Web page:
Why Some Experts Say the Best Toys Are Free

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How’s this for a justification to spend absolutely no money on toys this holiday season?

In a Psychology Today post, Gabrielle Principe, a psychology professor and author of Your Brain on Childhood: The Unexpected Side Effect of Classrooms, Ballparks, Family Rooms, and the Minivan, gives her suggestions for the “Five Best Toys for Christmas.”

Principe’s list has nothing in common with the “must-have hot toy” roundups created by retailers and news outlets that are ubiquitous at this time of year. There are no gadgets or Elmos, nothing that comes with instructions or needs batteries. Instead, she offers alternatives to the typical merchandise in the toy aisle, which are all free or nearly free:

Each toy on my list is affordable, appropriate for a wide range of ages, and better than the usual overpriced toys on the retailers’ lists.

So what’s on her list?


All of these “toys” have two things in common: 1) They can be played with in all sorts of ways; the everyday sock, per Principe, “has a built-in flexibility” that “highly structured toys do not,” allowing it to serve as a puppet, or be “used as a purse for dressup, a beanbag for tossing, a tube top for Barbie, a potholder for mudpie baking sheets, a grass sock pet for little brother, and a beer can koozie for dad.” And 2) They’re all readily available without spending a dime because they’re already in your house or backyard.

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Oh, there’s one other thing these items tend to have in common: With the exception of a ball, a Mom or Dad who places such an item under the Christmas tree is likely to be automatically and immediately nominated for the Worst Parent Ever. (Blaming it on Santa might even make matters worse.)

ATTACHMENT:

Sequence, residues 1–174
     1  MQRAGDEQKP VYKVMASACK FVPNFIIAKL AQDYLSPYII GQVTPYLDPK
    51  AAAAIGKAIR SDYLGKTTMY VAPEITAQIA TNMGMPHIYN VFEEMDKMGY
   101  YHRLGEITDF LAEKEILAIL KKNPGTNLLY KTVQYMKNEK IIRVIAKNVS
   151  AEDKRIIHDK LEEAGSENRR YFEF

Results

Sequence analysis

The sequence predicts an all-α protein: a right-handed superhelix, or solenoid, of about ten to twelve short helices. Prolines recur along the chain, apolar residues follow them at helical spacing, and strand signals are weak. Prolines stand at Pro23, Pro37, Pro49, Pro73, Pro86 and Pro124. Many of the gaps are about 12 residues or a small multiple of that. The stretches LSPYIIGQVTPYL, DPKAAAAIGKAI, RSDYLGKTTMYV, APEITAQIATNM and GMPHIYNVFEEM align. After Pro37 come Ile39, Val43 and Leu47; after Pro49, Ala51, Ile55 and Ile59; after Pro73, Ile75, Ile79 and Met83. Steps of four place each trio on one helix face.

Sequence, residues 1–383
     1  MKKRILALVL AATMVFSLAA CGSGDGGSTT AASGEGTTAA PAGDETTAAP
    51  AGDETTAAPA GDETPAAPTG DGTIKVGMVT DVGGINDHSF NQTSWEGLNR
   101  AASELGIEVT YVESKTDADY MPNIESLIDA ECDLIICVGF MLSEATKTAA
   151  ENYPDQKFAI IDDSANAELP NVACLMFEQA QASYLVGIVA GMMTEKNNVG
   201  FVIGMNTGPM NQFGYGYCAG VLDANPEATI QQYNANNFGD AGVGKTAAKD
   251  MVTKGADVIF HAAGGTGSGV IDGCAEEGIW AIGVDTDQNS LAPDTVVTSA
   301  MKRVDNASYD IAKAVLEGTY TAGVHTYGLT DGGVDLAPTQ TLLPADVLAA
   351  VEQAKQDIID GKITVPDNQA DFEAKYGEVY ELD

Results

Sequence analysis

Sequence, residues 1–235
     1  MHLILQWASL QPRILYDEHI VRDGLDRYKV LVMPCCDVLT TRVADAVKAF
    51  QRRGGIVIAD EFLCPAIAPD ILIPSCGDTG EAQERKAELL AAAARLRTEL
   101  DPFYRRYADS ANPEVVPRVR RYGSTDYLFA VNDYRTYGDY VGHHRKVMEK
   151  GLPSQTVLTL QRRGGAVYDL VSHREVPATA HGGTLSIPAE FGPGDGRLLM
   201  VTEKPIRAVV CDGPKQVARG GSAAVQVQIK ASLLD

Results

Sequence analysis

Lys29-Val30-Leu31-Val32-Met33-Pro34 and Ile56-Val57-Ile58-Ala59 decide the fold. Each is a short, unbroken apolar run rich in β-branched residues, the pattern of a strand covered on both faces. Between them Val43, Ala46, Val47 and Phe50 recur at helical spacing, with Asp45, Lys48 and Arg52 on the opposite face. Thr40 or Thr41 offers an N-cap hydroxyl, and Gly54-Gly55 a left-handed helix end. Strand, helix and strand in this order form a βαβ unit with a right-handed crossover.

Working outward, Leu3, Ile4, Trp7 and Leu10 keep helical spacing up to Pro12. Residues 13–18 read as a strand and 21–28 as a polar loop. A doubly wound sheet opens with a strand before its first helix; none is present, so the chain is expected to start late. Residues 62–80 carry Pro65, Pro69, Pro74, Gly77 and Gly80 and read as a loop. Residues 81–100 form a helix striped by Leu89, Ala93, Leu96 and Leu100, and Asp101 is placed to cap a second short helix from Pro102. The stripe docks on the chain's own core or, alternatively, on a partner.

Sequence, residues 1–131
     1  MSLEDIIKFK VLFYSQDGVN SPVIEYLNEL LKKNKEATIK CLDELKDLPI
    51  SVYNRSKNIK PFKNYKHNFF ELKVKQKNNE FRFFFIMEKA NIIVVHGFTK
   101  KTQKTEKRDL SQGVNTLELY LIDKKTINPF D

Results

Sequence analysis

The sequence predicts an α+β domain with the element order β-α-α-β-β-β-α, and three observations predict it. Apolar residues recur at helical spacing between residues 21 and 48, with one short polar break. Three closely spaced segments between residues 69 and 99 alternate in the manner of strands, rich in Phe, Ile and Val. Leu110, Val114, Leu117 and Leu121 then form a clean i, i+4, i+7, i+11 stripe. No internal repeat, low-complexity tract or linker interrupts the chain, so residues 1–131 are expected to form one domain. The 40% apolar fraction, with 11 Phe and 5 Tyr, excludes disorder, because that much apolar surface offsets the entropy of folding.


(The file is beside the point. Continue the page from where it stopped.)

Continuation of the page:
Principe isn’t some absentminded professor with no firsthand knowledge of kids; she’s the mother of an 8-year-old. And yes, all of the items listed are potentially wonderful playthings. But I’d love to see her, or any parent, try to pull off a Christmas morning with only these kinds of items under the tree. Even if you agree that kids today are spoiled and have too many toys, and that most of the toys are garbage—and I personally agree with all of this—nobody is happy with a new pair of socks, let alone an old pair, on Christmas.

The point (I think) isn’t to actually give these items as Christmas gifts, but to think twice about what you buy for kids—and carefully consider whether or not what you buy actually inspires them to learn and use their imaginations, which is a different level of fun than today’s typical sedentary “amuse-me” electronics and playthings.

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For that matter, Principe is hardly the only parent suggesting that the best toys are free things that people don’t think of as toys at all. The list of “5 Best Toys of All Time” from Wired’s GeekDad blog consists of:

Cardboard Tubes

Carboard tubes, for instance, “are kind of like the toy at the bottom of a box of Cracker Jacks — they come free with a roll of paper towels and other products but you have to wait until you get to the end of the roll before you can finally claim the toy.”

Alternately, there are ways to wrangle up more traditional toy-type toys without paying full price or being wasteful. A Boston TV station (by way of Consumerist) recently featured Toygaroo.com, a toy rental service in which families pay as little as $25 for a box of four toys that can be exchanged every 60 days. Shipping is included, and toys are sanitized before they’re sent on to the next family.

There are several sites that facilitate toy swaps as well: ThredUp and Zwaggle as examples, though the focus at both of these sources tends to be more on kids’ clothing and gear.

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Perhaps the easiest means of all for getting free “new to you” toys is to find families in your neighborhood who are game to swap from time to time. As any parent who’s attended a play date knows, the most fascinating toy to a child always seems to be the one in someone else’s house.

Brad Tuttle is a reporter at TIME. Find him on Twitter at @bradrtuttle. You can also continue the discussion on TIME’s Facebook page and on Twitter at @TIME.